“RATE OF PERCEIVED EXERTION EXPLAINED”
By Kathy Smith
Anytime you feel you’re not getting as much out of your training as you should, the problem may not be how long you’re working but the
degree of commitment and intensity you bring to it. Walk into any gym and look down the rows of treadmills and stationary cycles.
What do you notice about the people working out? Chances are there’s one person watching TV, one reading a book and another who’s
plodding along at a snail’s pace of about 3.2 miles per hour.
Most people fall into a "comfort zone" when they work out, a zone well below their limit. This happens because they don’t
have a concept of their potential range of exertion nor of what it feels like to dial up the horsepower to something approaching their
When I work with people to help them improve their intensity, I start by teaching them a 10-point scale of perceived exertion. I get them
on the treadmill and put them through their paces to show them what each part of the range feels like.
I’ve found that most people, most of the time, work at an effort level of about 4 to 5. They’re literally just going through the motions.
Gradually, I coax them into going faster, and I help them associate their physical sensations with the numbers on the scale. Here’s how I
Level 5 to 6: You’re cruising, and you can still carry on a conversation, but you probably couldn’t do this for more than about 20
Level 7 to 8: You’re starting to perspire and getting a little winded. It’s difficult to carry on a conversation and you feel as if you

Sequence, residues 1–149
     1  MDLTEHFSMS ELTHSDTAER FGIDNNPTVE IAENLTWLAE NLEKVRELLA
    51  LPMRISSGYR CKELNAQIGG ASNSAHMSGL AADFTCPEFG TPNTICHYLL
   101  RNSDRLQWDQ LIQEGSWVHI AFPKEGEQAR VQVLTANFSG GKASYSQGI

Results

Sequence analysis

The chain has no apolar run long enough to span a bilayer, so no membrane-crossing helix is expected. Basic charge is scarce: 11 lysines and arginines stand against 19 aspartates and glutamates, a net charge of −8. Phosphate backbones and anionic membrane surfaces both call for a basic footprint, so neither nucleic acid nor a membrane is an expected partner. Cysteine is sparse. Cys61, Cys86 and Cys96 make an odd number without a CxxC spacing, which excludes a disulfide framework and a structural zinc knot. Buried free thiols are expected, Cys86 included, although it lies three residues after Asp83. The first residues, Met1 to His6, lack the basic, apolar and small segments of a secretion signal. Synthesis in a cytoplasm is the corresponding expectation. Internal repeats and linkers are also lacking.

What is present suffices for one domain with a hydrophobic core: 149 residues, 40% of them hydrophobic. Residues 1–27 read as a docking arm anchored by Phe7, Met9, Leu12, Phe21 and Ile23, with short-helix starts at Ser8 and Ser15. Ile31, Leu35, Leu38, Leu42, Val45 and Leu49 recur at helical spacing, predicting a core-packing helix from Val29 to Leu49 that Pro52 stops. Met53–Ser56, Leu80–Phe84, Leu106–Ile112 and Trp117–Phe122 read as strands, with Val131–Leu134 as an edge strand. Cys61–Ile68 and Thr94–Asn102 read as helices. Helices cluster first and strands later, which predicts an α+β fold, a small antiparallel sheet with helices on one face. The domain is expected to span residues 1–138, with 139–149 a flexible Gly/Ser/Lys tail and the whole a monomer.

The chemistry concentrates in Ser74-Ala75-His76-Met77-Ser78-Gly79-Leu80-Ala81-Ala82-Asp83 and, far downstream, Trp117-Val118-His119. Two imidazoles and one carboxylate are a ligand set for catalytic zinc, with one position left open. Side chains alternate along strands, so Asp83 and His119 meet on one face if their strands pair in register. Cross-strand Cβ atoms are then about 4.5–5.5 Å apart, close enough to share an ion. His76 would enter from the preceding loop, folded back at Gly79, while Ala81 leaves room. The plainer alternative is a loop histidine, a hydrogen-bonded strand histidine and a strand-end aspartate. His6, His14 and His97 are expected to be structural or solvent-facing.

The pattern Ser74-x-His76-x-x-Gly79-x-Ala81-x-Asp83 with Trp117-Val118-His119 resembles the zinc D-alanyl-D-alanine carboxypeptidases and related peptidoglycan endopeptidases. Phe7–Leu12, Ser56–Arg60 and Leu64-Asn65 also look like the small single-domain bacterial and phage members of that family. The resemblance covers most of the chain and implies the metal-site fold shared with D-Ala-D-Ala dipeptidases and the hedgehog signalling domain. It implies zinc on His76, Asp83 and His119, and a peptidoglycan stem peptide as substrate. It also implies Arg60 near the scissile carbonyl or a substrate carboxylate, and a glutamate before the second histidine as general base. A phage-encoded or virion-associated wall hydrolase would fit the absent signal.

couldn’t keep up this pace for more than about 5 minutes.
Level 8 to 9: Now it feels like the homestretch of a race. You’re breathing hard and there’s a burning sensation in your muscles. You
could probably do this for another 30 seconds, but then you’d have to stop.
There! We’ve found your anaerobic threshold, which is the point beyond which your heart and lungs are unable to keep sufficient oxygen
moving to the muscles and you’re forced to stop. Now that we’ve pushed you to that point, you have a concept of the full range through
which you could be working out.
Naturally, you can’t work continuously at a 9. But you’ll get more results -- and have more fun -- by cycling up and down through the full
range rather than just plodding along in that comfort zone. People often ask me why intensity matters. Don’t we burn the same number
of calories jogging a mile as running it?
Yes and no. The advantage of training at greater intensity is that it raises your metabolism to a higher level. Because your metabolism
remains high for several hours after exercising, that metabolic bump will cause your body to burn more calories between workouts than
you would otherwise.
But burning calories isn’t the only goal. Higher intensity training provides better conditioning of the cardiovascular system. And of course
there’s the time you save!
Just one caution: If you’re new to training -- and especially if you’re overweight -- don’t jump into overdrive right away. For you, low-
intensity training may be the safer starting approach and will help prevent straining joints and ligaments. As you shed some of the fat
and become stronger, you can begin dialing up the heat to further strengthen your heart and lungs and accelerate your results.
While we’re on the subject, the need for intensity applies to weight training too. In fact, there it makes all the difference. Your muscles
need to be challenged in order to develop strength and tone. Merely coasting through a weight routine won’t do it. Here are some tips:
Choose a weight level that will allow you to reach fatigue within 9 to 12 reps. Increase the
weight as your strength improves, but only use as much as you can lift with correct form.
Perform reps slowly and with control, approximately 4 to 7 seconds per rep.
Keep rest periods between sets and exercises to 45 seconds.
Focus on what you’re doing: Perform every rep with total concentration and commitment.
Whenever I push people through a higher-intensity workout, they all agree they’ve never worked out like that before! My question is why